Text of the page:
According to Parenti, “our political culture is riddled with mythologies that serve conservative class interests and keep us from fully pursuing out democratic interests.” The author informs us that “capitalism is not just an economic system, but an entire social and cultural order. Behind the state is a whole supporting network of doctrines, values, myths, and institutions that are not normally thought of as political.” But “culture does not operate in perfect harmony with the economic order.”

The “myth of pluralism or democratic pluralism is the belief that power in U.S. society is widely distributed. Policies are formulated through a multilateral interplay of interest groups. Conservatives denounce government meddling in our lives, yet direct the extension of state power in control of personal morals and political dissent. Myths and beliefs are mediated through a social structure, through socializing agents, parents, media, churches, schools, peers, and the state.”

This is an exceedingly well-researched and written book that stretches across many subject areas. The book unfolds many revealing lines that shed an iconoclastic view of these subjects. Here are a few telling lines taken from the book. “To say that we cannot legislate morality is to overlook the fact that the law does exactly that—albeit with imperfect effect. The law not only can legislate morality, it can encourage immorality—which is the other side of the same coin. While conservatives and many “moderates” argued that the federal government could not legislate morality in racial relations, the state governments in the South in fact were legislating immorality, enforcing racial segregation in housing, schools, transportation, and many other public and private facilities.”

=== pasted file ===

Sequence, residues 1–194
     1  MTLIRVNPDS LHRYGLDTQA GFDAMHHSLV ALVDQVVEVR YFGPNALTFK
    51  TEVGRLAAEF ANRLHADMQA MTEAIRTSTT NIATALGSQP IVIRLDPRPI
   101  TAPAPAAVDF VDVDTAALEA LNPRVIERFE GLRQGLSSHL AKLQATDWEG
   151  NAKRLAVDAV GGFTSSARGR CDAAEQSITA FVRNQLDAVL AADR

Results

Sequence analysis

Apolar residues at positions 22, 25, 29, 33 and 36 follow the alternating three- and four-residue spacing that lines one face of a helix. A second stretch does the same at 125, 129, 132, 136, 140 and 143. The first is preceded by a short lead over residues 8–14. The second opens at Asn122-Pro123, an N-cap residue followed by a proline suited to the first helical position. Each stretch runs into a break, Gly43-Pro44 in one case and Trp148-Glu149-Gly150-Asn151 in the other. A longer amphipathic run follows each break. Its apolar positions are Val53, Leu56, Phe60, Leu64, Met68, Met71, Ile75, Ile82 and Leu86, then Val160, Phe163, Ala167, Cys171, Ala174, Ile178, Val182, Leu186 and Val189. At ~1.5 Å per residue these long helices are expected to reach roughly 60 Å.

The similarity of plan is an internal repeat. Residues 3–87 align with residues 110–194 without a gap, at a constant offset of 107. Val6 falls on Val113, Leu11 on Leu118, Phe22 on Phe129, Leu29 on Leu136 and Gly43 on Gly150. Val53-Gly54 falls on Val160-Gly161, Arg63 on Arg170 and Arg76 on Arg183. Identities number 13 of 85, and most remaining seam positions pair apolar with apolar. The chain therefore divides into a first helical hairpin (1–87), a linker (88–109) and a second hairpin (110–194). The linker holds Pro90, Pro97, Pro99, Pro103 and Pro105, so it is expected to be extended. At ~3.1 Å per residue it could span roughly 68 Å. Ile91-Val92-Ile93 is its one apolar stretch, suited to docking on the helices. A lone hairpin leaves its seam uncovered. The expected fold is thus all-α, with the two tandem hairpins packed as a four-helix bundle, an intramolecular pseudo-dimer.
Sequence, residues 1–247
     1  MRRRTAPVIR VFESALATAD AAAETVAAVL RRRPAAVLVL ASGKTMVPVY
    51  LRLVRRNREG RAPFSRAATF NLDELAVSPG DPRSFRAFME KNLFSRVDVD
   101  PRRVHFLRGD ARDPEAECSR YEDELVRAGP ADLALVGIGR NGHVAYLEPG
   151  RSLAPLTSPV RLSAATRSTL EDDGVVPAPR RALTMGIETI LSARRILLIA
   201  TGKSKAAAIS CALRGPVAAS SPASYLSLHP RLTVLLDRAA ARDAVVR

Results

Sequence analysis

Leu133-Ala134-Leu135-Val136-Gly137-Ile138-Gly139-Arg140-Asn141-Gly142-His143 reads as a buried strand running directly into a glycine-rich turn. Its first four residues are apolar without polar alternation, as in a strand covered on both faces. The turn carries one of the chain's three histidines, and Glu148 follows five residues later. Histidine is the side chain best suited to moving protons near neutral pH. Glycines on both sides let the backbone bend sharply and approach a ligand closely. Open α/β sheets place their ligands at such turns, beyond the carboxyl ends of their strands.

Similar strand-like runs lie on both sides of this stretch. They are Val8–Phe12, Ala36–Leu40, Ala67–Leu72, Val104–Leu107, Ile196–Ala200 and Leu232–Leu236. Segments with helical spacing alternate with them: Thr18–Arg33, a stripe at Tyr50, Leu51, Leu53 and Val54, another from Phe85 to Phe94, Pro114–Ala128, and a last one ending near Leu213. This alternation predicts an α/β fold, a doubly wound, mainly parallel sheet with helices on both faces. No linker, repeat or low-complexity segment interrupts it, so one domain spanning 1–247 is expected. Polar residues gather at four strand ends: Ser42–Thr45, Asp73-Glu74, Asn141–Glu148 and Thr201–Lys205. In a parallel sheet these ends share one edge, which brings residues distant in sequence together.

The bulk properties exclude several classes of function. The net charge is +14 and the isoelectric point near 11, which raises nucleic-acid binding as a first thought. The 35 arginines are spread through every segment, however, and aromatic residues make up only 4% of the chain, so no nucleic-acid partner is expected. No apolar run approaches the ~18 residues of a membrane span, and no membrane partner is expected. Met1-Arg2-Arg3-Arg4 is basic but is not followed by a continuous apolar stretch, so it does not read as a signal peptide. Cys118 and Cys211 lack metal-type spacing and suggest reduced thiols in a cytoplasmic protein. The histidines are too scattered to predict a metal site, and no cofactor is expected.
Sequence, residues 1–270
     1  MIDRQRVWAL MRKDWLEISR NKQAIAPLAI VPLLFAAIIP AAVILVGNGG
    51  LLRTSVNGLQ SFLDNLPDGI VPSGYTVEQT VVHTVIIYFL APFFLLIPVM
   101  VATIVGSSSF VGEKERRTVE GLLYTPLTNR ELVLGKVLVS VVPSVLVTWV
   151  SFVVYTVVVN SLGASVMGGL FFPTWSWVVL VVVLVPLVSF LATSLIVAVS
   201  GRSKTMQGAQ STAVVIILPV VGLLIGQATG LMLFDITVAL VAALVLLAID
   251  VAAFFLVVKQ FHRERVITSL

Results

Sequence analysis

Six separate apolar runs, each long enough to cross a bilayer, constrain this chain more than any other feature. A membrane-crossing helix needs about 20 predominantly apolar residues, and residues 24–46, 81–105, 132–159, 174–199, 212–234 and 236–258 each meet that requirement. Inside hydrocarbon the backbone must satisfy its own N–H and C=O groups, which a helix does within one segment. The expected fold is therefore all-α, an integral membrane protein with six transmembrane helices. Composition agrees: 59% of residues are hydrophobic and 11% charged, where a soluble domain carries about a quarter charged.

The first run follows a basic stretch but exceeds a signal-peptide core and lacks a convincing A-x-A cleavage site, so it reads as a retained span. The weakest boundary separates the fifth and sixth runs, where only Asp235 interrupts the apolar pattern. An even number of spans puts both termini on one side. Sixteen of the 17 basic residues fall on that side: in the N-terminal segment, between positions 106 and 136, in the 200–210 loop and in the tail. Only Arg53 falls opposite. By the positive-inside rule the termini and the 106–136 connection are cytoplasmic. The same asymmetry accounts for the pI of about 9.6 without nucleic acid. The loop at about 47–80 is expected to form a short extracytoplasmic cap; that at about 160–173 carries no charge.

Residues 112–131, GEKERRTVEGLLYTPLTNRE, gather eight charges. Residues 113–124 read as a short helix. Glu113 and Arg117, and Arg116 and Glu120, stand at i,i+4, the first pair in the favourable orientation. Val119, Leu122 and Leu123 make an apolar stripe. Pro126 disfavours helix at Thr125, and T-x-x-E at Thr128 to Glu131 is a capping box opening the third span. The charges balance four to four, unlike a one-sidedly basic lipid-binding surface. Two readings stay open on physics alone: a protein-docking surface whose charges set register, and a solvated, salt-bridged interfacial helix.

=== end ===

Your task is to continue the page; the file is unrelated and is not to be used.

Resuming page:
This is an interesting and great read, but a little heavy on the academic side. Highly recommended for any reader wanting to step outside the conventional bubble of Fox News and conservative political punditry.
Gna
I loved this book as i have liked most michael Parenti books. He is a hero for poor people all over this country!
Nalmergas
In "Land of Idols: Political Mythology in America" Michael Parenti demolishes a number of more insidious and invidious tales of the state (see Tales of the State, Schramm and Neisser, 1997), tales that have been told from the ancients as they have sought to reserve power to themselves. Clearly, concisely, he shows how our contemporary lives are organized according to the whims of one slice of the population: the 2% who own 90% of the wealth, and exploit 98% of the people. Here's one common tale and its antidote: the economic pie will get bigger if only liberal government will get out of the way and let the free market do it's job. In fact, when the economic pie has grown larger, the bigger piece has always gone to the rich, leaving the working class with a smaller piece each time. A supplementary tale says that because they assume so much more risk than the working man does, capitalists deserve much bigger rewards. Tell that to an Enron employee, or someone who was downsized, who receive all the risks, none of the rewards, and don't have billions to fall back on.